September, 2015 –As the Federal Reserve gears up for its September policy meeting, members of The New York Hedge Fund Roundtable predict that the central bank’s Federal Open Market Committee will wait to raise interest rates until its next committee meeting in December.
The Fed’s upcoming meeting was part of a two pronged survey conducted by The New York Hedge Fund Roundtable, which also looked at the topic of philanthropy. Philanthropy was the topic of the Roundtable’s September event, where featured panelists Lee Cooperman, chairman and CEO of Omega Advisors; Whitney Tilson, founder and managing partner of Kase Capital Management; and Karen Bruton, founder of Hope Investments, each weighed in on their reasons for getting involved in philanthropy and what they each view as some of the biggest challenges facing the non-profit sector.
“Giving a hungry person a fish is charity. Teaching a hungry person to fish is philanthropy –and we need both,” Bruton told attendees at the Roundtable’s event. “I’m not looking to create dependency. I’m looking to create the independence that comes through capitalism.” Her sentiment was echoed by Cooperman, who said: “I’m very big on teaching people how to fish, not just giving fish.” He then went on to note that there are four general things people can do with money: spend it on themselves; give it to their children; give it to the government in the form of taxation; or invest it back into society. Tilson, who spoke of his parents’ meeting in the Peace Corp. and his appreciation for philanthropy at an early age, spoke about the $100 million donation Mark Zuckerberg donated to help turnaround Newark, New Jersey’s troubled school system, which he was involved with. “There is easy philanthropy and there is harder philanthropy,” Tilson said, adding that Zuckerberg took on a greater challenge than simply donating to a symphony or an art gallery.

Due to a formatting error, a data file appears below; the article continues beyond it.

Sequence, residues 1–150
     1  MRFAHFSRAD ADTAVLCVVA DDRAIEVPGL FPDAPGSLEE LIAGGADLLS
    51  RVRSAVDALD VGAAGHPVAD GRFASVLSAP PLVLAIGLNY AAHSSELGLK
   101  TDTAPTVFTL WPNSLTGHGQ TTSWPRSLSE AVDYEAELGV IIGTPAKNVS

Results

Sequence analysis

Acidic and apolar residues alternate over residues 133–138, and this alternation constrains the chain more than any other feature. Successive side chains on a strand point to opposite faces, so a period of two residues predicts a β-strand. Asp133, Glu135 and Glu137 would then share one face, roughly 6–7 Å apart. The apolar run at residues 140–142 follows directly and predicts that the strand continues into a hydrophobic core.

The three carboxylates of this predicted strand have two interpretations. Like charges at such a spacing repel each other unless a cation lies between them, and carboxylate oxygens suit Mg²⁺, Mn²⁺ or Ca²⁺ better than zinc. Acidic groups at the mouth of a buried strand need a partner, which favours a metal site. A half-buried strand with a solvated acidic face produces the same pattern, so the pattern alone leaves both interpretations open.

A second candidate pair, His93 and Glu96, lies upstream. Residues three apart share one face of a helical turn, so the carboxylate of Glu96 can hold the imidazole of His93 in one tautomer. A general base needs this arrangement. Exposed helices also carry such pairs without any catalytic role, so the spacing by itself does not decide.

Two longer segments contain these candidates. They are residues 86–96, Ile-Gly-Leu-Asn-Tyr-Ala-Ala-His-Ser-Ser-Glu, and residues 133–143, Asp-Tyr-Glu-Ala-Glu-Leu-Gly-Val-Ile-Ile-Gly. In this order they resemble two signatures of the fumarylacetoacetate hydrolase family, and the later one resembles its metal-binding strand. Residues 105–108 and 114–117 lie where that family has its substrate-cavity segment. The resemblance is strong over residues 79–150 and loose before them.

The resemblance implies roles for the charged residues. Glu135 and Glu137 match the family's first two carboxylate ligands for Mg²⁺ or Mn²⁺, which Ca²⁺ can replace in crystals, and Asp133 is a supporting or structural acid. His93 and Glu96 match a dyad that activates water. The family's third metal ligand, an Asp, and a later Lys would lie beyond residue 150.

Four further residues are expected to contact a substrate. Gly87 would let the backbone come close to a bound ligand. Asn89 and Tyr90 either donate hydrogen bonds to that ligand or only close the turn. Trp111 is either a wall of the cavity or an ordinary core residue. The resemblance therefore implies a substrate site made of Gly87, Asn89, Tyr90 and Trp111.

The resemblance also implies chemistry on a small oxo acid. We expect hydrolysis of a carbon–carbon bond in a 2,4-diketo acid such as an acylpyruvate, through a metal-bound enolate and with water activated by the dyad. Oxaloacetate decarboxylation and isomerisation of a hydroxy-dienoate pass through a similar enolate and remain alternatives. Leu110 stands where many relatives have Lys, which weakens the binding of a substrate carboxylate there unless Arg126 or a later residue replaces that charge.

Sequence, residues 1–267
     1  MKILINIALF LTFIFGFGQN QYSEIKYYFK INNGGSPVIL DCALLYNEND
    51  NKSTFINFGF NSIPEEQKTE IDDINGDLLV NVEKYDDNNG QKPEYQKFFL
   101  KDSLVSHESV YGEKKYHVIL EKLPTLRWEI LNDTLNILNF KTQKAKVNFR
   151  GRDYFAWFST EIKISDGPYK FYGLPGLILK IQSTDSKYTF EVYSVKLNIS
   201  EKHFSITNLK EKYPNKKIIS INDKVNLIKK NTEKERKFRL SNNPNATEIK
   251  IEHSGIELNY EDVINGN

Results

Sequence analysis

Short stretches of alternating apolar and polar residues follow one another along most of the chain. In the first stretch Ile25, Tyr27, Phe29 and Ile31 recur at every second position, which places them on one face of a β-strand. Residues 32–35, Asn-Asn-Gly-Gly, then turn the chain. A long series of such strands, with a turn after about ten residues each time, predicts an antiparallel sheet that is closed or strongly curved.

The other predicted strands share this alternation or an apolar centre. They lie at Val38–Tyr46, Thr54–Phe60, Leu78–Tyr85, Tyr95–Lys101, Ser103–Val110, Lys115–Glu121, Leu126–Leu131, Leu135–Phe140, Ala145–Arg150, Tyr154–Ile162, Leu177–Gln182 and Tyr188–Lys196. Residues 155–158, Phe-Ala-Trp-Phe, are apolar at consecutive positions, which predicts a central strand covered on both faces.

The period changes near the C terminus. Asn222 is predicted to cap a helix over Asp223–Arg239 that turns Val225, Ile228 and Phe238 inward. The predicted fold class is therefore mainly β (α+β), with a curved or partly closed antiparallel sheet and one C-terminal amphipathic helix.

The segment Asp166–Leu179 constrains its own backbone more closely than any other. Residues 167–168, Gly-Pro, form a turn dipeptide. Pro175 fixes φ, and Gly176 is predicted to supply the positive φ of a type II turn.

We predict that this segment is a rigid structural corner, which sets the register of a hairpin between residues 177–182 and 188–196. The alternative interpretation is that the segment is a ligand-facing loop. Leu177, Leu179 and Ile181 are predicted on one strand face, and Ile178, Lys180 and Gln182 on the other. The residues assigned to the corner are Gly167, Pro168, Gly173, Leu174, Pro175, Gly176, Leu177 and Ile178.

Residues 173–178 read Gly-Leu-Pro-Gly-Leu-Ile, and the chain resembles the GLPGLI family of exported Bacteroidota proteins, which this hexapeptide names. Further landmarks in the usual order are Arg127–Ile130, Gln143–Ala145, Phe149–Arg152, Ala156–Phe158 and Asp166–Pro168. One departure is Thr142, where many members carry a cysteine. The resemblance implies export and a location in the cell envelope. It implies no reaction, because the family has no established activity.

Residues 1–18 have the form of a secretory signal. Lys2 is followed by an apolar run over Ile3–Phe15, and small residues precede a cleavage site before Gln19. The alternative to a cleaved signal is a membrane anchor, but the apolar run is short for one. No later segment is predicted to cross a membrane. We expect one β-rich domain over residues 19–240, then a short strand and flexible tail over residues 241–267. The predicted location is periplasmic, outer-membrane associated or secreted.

Though the Roundtable’s latest survey examined two extremely different issues, there were some surprising similarities touched upon by both topics. “Just as members of the Fed are in a difficult position as they try to determine how the public will react to any rate hike and when it would be best to make a move, most non-profits continuously struggle to convince people of their need for financial support, yet to prove they are running their organizations as efficiently as possible,” said Timothy P. Selby, President of the New York Hedge Fund Roundtable.
New York Hedge Fund Roundtable members had the opportunity to weigh in on the Fed meeting and philanthropy at the Roundtable’s September meeting, as well as through an online electronic poll.
*Of the respondents to this survey, 25% were fund managers; 38% were service providers; 14% were risk management or trading; 7% were allocators; and 16% were “other.”
Following are some of the key findings of that survey:
- When asked if they believe the Fed will raise interest rates at its meeting this week, 54% of respondents said they think the Fed will hold off until its December meeting; 26% believe there will be a rate hike, but that it will be the only increase for the foreseeable future; 14% think the Fed will hold off on a rate hike until at least early next year; and 6% think there will be a rate hike this month, followed by another rate hike in December.
- Asked to identify the biggest factor they believe would keep the Fed from raising rates this week, 48.5% of respondents said the fact that inflation has yet to truly hit the 2% target the Fed initially set as its trigger to begin raising rates; 43% chose China’s currency devaluation and the slowing of its economy; and 8.5% cited the decline in the price of oil.
- If this week’s Fed meeting does result in a rate rise, 47% of respondents predict the Fed will increase interest rates by 25 bps; 26% said only that any increase will have to be minimal, as the Fed will most likely raise rates in small increments over the coming year; 14% expect a raise of 12.5 bps; and 3% think an increase of 50 bps would not be unreasonable, given how long the Fed has already waited to raise rates.